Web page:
Tips for Gardeners who use Wheelchairs

Grip Tips

  • Use gloves with sticky surface.
  • Build up handle to make it fatter by using bicycle grips, foam, or pipe insulation wrap.
  • Support the wrist with cock-up splints; think about enabling garden tools that are ergonomically designed with wrist support.
  • Use splints, supports, or assistive devices whenever possible, but ONLY after consulting with your physician or therapist.
  • Use a universal cuff to hold garden tools.
  • Use smaller lightweight garden tools; use a reacher for picking up and planting.

Reach Tips

  • Extend the reach by lengthening handle of your garden tools by using PVC pipe. In an oven heat PVC pipe at 325 for 5 minutes, quickly fit PVC pipe to garden tool, and let cool for several minutes. Safety tip: Use caution when handling PVC pipe after heating because it will be hot!
  • Use AMES or PRINTO extended handles or child size garden tools.

Raised Bed Garden Tips

  • Gardening is easier on your body.
  • More accessible and eliminates bending and stooping.
  • Customize the garden to fit your needs.
  • Great for gardeners who lack space or physical ability.
  • Can provide increased visibility for persons with low vision.
  • Raised beds and containers should be no more than 4 feet in diameter and width.
  • Keep a 20 to 28 inch range and 2 to 2 1/2 feet height.
  • For more information on raised bed gardening contact your local Extension Service or Master Gardeners.

Vertical Wall Garden Tips

  • Wall gardens can be supporting structures, fences, walls, trellises, container trellises, arbors, netting’s, or strings
  • For additional information on vertical wall garden contact your local Extension Service or Master Gardeners.

Hanging Baskets Tips

  • Can make own pulley system or use any variety of retractable hangers.
  • Use extended handle hose for watering.
  • For additional information on hanging baskets contact your local Extension Service or Master Gardeners.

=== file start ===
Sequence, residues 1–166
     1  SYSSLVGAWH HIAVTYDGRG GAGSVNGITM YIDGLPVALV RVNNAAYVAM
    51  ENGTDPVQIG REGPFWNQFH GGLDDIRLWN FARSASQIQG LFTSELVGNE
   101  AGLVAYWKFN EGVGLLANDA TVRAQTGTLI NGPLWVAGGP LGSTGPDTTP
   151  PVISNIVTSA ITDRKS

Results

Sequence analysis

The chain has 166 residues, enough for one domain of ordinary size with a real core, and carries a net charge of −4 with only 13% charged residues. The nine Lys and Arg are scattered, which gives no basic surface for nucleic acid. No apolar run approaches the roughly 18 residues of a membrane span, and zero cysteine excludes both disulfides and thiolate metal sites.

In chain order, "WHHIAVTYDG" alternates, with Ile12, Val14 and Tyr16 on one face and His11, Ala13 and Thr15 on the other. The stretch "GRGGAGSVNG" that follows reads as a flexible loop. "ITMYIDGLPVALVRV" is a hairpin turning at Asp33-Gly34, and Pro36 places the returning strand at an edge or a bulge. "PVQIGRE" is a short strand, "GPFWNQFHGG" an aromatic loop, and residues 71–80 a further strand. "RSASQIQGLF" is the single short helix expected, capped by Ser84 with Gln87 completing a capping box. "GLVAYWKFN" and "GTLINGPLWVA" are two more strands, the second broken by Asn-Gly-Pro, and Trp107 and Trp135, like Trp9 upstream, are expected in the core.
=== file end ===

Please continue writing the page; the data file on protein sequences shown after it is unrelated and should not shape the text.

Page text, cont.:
Container Garden Tips

  • Can be used for flowers, greenery, or even vegetables.
  • Provide the gardener with a lot of options.
  • Any vessel is suitable for container gardening if it has drainage.
  • Provides more stability.
  • Provides an opportunity to garden on patios, porches, balconies, decks, and even windowsills.
  • For recommendations on container garden tips contact your local Extension Service or Master Gardeners.

Pathway Tips

  • Should be level and smooth.
  • Ramps and other grades should not exceed 5 percent.
  • An accessible width will depend upon who is using pathway.
  • Should have clear beginning and ending.
  • Textured surface for traction and orientation and contrasting colors and textures.
  • Turf is cheap and cool but requires maintenance. Being soft is not user friendly to wheelchairs. Also, turf will die in high traffic areas. One solution, mix it with concrete blocks or paving stones.
  • Wood chips, grass, mulch, compacted soil, crushed limestone, and gravel are too soft and need replacement. BUT, will cushion falls.
  • Hard paving surfaces meet pathway requirements, but will not cushion falls and can be expensive. Can use concrete, asphalt, power block, patio block (stepping stones) brick, flagstone, or wood.
Accessible Gardening Websites
Gardening from a Wheelchair Websites